But Mrs. Coney did not come; old Coney and Tom brought in word that she was not feeling well enough; and the Tanertons only drove up on the stroke of five. As I helped Grace down from the pony-chaise, muffled up to the chin in furs, for the cold was enough to freeze an Icelander’s nose off, I told her her aunt was not well enough to come.
“Aunt Coney not well enough to come!” returned Grace. “What a pity! Have I time to run in to see her before dinner, Johnny?”
“That you’ve not. You are late, as it is. The Squire has been telling us all that the fish must be in rags already.”
Grace laughed as she ran in; her husband followed her unwinding the folds of his white woollen comforter. There was a general greeting and much laughter, especially when old Coney told Grace that her cheeks were as purple as his Sunday necktie. In the midst of it Thomas announced dinner.
The codfish came up all right, and the oyster sauce was in Molly’s best style — made of cream, and plenty of oysters in it. The turkey was fine: the plum-pudding better than good. Hugh and Lena sat at the table; and altogether we had a downright merry dinner. Not a sober face amongst us, except Herbert Tanerton’s: as to his face — well, you might have thought he was perpetually saying “For what we are going to receive ——” It had struck eight ever so long when the last nut was eaten.
“Will you run over with me to my aunt’s, Johnny?” whispered Grace as she passed my chair. “I should like to go at once, if you will.”
So I followed her out of the room. She put her wraps on, and we went trudging across the road in the moonlight, over the crunching snow. Grace’s foot went into a soft rut, and she gave a squeal.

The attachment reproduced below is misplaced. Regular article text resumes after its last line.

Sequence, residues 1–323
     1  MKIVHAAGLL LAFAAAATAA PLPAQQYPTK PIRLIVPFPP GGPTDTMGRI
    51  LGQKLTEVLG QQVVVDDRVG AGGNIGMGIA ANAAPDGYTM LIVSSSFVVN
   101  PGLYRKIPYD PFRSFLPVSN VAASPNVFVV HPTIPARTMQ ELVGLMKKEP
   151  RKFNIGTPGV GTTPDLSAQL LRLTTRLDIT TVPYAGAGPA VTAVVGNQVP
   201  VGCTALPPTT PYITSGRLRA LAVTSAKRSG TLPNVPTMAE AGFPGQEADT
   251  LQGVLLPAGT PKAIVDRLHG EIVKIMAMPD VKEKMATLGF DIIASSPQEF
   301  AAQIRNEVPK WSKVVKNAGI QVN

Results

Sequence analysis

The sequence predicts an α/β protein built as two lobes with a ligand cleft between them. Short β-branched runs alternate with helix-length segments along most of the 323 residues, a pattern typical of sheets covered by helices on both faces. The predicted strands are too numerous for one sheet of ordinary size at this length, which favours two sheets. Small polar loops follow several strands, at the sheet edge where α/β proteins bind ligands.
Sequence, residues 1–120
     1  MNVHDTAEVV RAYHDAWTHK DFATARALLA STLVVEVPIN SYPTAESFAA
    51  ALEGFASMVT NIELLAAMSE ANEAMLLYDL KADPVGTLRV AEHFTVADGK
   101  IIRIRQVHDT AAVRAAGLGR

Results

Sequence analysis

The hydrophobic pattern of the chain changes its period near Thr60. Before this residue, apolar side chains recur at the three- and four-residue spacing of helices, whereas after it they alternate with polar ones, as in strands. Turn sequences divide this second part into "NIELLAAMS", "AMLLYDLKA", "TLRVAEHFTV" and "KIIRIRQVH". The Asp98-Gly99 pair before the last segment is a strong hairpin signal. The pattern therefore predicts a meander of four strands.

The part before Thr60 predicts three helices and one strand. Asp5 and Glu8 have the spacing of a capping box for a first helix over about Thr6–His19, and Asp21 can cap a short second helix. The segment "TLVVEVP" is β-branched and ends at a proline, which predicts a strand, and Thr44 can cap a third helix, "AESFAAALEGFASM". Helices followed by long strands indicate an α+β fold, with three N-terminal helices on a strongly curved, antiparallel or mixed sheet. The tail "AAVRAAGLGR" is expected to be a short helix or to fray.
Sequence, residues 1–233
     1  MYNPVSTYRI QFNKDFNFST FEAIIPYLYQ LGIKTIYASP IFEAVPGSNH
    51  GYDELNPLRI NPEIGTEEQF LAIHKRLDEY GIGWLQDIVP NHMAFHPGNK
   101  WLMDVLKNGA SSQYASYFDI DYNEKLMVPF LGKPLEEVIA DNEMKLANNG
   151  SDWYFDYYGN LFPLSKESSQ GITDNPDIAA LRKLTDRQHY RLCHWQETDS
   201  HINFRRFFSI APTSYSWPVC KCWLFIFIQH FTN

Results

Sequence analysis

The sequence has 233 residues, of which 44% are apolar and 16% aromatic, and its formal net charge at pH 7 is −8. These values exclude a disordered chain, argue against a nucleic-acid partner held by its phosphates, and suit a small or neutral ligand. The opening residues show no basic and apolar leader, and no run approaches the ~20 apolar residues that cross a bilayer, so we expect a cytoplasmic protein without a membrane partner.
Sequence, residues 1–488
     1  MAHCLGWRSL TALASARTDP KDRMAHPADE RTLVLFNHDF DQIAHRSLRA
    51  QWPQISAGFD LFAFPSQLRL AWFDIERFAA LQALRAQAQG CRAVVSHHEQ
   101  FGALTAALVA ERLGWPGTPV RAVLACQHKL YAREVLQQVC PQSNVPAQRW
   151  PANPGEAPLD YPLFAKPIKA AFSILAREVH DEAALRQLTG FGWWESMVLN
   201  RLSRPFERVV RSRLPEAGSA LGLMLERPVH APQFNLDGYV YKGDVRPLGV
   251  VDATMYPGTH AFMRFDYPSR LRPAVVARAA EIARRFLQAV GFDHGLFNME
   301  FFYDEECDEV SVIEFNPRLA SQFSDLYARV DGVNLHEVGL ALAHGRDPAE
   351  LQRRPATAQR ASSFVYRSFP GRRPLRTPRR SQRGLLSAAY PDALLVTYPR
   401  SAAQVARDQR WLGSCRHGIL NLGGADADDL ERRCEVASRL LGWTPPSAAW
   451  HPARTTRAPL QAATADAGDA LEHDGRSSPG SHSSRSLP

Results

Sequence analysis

“I shall have to borrow a shoe whilst this dries,” said she. “Do you care to come in, Johnny?”
“No, I’ll go back. I can run over for you presently.”
“Don’t do that. One of the servants will see me safe across.”
“All right. Tell Mrs. Coney what a jolly dinner it was. We were all sorry she did not come.”
Grace went in and shut the door. I was rushing back through our own gate, when some tall fellow glided out of the laurels, and put his hand on my arm. The moonlight fell upon his face and its reddish beard — and, to my intense surprise, I recognized Benjamin Rymer. I knew him then for the man who had been dodging in and out of the shrubs the night but one before.
“I beg your pardon,” he said. “It is, as I am well aware, a very unusual and unceremonious way of accosting you, or any one else, but I want particularly to speak with you, in private, Mr. Ludlow.”
“You were here on Sunday night!”
“Yes. I saw the Squire and the rest of them go out to church, but I did not see you go, and I was trying to ascertain whether you were at home and alone. Tom Coney’s coming in startled me and sent me away.”